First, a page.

Talent Management: Securing Access to Quality Talent Through System Boundary Permeability


This post explores how we can better secure our access to quality talent when our organization’s ability to do so alone is inadequate.

By inadequate, I mean the organization is ill equipped to retain access due to its operating characteristics. Hence this is not about dealing with organizations who are deficient on how to respectfully and  appropriately  make use of their talent.

A 5 February, 2011 article in the Vancouver Sun titled “Pooling People Balances Work Cycles”, page D12. highlights such a practical approach.

The article considers how Business A has an accountant who has no work to do (over the next little while). Business B is in urgent temporary need  of a highly skilled accountant. The creative TM option here is to create a lend and borrow arrangement between A and B. In fact there is an emerging business that facilitates these sort arrangements one of which is called PoolingPeople.ca.

Here is a circumstance where we are focusing on the purpose of TM (including securing appropriate access to needed talent) and less on attracting and retaining needed talent (conventional TM view).  Our organizational boundaries are being looked at in an open or permeable manner – its just not about employees.

This concept is not entirely new. I recall a number of years ago reading an article on how in the aeronautical industry  in the US that when one firm won a contract its work would increase dramatically. Hence, other, competing firms work would in a parallel manner drop off. The emergent practice was to lend workers back and forth over time as workloads shifted within the industry. The result was to keep the pool of critical skilled people in the general area (California I believe).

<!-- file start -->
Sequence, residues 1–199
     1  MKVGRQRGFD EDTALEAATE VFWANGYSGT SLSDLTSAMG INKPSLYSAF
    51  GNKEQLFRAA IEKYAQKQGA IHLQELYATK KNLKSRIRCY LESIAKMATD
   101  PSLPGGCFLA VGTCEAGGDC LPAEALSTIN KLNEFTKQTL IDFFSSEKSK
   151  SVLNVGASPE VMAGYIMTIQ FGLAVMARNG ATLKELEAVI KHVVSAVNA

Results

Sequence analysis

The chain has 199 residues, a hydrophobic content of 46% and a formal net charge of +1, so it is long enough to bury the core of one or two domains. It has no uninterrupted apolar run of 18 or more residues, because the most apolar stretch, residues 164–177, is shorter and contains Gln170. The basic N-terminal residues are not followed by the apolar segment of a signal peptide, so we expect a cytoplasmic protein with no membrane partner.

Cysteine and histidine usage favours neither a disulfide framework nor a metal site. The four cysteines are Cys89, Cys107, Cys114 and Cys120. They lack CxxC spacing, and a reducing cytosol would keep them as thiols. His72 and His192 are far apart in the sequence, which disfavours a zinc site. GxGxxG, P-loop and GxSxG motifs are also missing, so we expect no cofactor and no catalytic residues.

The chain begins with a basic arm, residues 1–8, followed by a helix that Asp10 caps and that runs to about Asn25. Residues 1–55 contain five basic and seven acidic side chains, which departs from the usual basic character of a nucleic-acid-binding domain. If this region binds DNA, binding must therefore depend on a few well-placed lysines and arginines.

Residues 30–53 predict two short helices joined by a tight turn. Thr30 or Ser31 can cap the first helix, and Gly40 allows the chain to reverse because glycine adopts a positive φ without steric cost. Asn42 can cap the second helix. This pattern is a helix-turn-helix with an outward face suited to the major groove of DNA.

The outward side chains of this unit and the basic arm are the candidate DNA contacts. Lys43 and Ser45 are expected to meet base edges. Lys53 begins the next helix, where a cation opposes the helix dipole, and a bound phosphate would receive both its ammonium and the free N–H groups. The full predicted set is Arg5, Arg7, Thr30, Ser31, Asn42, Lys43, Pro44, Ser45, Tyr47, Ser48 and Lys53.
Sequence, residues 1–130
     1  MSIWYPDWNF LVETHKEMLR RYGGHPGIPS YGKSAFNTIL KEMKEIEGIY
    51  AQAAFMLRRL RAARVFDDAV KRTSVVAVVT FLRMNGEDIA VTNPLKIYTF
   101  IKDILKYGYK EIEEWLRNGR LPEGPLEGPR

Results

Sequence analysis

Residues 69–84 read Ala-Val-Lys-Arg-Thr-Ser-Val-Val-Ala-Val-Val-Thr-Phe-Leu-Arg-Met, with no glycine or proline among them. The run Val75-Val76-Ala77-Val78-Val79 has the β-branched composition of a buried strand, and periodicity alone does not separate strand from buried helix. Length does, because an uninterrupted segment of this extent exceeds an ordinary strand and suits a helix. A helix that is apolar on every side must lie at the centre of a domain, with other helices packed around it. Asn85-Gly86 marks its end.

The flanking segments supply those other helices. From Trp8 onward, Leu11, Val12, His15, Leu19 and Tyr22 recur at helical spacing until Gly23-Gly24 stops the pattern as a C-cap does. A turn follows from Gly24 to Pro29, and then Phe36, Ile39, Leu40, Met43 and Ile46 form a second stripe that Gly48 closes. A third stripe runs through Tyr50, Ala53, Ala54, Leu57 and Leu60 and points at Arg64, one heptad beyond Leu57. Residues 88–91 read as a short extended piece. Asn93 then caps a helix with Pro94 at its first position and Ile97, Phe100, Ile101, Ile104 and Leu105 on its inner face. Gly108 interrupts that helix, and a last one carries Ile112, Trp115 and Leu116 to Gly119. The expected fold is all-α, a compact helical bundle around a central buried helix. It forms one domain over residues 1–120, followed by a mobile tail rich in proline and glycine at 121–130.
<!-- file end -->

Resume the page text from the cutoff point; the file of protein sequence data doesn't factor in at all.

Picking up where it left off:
I also recall reading about one firm who needed skilled stone masons, but on a seasonal basis. The firm’s dilemma was how to keep people in the occupational area when it was only able to offer seasonal employment. The firm was able to make arrangements with another organization who had a need for the same talent but in the first firm’s off season. The benefits were two-fold:

  • Was able to retain access to the skilled talent when they seasonally needed it. Recruiting costs were reduced and a ready pool of talent was at hand.
  • Because of the significant “returning” numbers the firm was able to make fast initial productive use of the skilled and experienced talent. This meant people could begin on assignments very quickly and this helped with revenue and profitability.

A variation of this might be where an organization has the need for a sophisticated level of talent at a senior level but is limited within its organizational activities to provide the necessary hands on learning. So the firm may hire the recent graduate (say engineer) and after a few years of technical growth reach the quandary of how to further develop the individual to the more senior level?